/The strain of social distancing on the mental health of students

The strain of social distancing on the mental health of students

By Vivian Ealy

Awkwardly stumbling through their pubescent years, high schoolers struggle with a lot of issues ranging from friend drama to late assignments; however, one thing many high schoolers seem to have in common is their struggle with mental health. To deal with this issue, many students reach out to family members, friends, and school counselors to talk about and discuss what they may be feeling. However, the virus that has been plaguing pretty much our whole world has sent us into an unexpected quarantine where we are expected to social distance from one another. 

This isolation can take a serious toll on the mental health of everyone, especially students who are used to the constant engagement with others throughout the school day; also, students usually have access to resources for their mental health like school counselors and psychologists. Physical distance has made it difficult for students to reach out and find adequate help. 

Here are a few words from some students commenting on how the quarantine has affected them and their mental health, along with some advice for others who may be struggling:

“It’s definitely a new experience for all of us… It’s been really hard not to see people because I am a super social person and I am involved in a lot of things so I’m usually always busy…One big thing that I had to change was my workout routine. Being fit and doing physical activity definitely plays a role in my mental health…[I] noticed that I was getting out of shape and I had to find a way to get myself back in routine and once I figured out what that was for myself, I was a lot happier. My family has been the biggest supporters during this time and it’s been great to spend so much time with them.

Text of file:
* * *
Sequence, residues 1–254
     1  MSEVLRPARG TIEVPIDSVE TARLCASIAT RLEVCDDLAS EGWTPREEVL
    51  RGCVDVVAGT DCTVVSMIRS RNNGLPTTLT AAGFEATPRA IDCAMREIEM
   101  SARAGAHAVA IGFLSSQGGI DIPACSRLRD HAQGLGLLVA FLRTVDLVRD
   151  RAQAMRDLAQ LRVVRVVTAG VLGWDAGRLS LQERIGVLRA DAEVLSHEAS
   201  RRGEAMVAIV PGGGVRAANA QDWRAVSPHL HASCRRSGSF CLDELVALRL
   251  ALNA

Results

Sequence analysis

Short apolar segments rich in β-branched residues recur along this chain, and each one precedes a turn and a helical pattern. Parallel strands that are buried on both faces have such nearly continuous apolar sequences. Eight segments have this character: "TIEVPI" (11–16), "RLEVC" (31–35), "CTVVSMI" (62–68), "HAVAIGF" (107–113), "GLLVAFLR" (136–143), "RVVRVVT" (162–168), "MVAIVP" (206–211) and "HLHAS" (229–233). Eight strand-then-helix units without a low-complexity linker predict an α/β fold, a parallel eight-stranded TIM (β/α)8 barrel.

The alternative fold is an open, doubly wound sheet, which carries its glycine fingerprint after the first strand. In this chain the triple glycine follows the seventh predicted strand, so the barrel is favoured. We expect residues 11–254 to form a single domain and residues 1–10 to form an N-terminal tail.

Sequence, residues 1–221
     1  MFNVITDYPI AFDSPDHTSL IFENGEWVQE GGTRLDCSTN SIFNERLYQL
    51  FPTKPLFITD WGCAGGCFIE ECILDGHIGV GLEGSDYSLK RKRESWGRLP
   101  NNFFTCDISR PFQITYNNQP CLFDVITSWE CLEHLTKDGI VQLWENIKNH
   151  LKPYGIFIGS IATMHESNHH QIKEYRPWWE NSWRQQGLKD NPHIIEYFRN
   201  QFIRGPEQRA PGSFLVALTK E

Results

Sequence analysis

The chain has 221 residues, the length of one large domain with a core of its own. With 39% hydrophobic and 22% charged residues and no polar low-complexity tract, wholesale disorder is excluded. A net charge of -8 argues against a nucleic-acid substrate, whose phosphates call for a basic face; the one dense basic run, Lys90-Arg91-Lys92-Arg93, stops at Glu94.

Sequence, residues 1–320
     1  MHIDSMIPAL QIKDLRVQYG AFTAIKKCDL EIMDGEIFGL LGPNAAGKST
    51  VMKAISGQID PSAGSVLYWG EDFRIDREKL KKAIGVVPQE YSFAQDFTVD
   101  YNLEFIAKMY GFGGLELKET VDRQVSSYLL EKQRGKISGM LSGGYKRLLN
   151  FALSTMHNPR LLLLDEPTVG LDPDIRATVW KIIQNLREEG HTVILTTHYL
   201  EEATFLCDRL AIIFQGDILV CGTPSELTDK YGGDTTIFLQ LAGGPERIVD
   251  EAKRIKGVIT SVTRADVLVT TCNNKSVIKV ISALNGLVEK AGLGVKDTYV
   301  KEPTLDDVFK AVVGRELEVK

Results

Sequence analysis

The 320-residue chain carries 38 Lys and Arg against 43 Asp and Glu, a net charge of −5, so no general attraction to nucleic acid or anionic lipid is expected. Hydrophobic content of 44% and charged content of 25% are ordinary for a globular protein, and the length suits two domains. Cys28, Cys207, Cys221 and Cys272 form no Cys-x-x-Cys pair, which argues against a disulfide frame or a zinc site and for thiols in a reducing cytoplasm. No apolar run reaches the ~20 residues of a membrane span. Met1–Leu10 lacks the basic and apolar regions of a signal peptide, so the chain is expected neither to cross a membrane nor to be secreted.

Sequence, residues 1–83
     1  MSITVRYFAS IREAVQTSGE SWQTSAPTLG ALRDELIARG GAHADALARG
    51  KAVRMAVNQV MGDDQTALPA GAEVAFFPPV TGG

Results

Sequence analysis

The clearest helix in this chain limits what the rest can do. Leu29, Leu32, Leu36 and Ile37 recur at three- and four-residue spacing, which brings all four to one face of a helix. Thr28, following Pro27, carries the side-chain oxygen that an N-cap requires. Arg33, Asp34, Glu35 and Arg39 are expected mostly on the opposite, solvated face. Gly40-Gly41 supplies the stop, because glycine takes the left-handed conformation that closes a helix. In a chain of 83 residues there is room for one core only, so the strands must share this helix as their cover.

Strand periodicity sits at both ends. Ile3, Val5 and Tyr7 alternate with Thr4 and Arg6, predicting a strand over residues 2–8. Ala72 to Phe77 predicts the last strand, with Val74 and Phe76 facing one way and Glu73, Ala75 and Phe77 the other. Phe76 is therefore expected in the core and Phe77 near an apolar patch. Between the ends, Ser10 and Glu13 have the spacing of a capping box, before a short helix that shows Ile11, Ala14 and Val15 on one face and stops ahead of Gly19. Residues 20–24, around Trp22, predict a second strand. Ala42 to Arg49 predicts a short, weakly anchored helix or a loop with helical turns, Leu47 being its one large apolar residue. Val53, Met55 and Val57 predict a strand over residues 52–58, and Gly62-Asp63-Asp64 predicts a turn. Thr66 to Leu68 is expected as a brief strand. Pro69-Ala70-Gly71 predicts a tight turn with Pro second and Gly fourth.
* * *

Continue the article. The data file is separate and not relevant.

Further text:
It’s spring and the earth is beautiful so get outside. Even if it’s just going for a walk it will help clear your head and it’s so good for you whether you think it is or not…Just always remember that there’s people around you that love you and we will get through this eventually.” 

Grace Bowman, Junior. Photo courtesy of Grace Bowman.

“Quarantine has been difficult, but I have amazing friends and neighbors who I talk to and who I know will support me. This is the reason I feel my mental health has not deteriorated too much over quarantine. Even though quarantine is hard, I seriously recommend talking to people. Sometimes just having people to listen to you is the best thing in the world…Also, I think it is really important to go outside! And of course, meet people while social distancing and with proper protection. Just going outside, being in the sun, and talking to people even if they are 6 feet away from you can be so helpful and meaningful during these tough times.”

– Ayush Iyer, Sophomore

“I find a lack of energy/motivation to even get up everyday. There is no schedule or routine I feel is important enough to maintain. On top of that, there’s so much uncertainty which causes anxiety about the future for me. Also, my relationship with my family is not the best, so having to be isolated with them has been pretty difficult to me. I find it easier to sleep all day and avoid my family, school work, basically everything.

I would say it’s important to find a purpose. Try any random activity to keep yourself driven. I’ve been baking a lot and it’s helped me keep somewhat focused.”

Bela Acosta, Junior. Photo courtesy of Bela Acosta.

“I’m doing well during quarantine but it’s also hard because I really thrive when I am around other people, laughing, talking, and having fun…For me the hardest part is just sitting alone all the time without my friends to talk me off a ledge when I’m stressed out or overthinking something.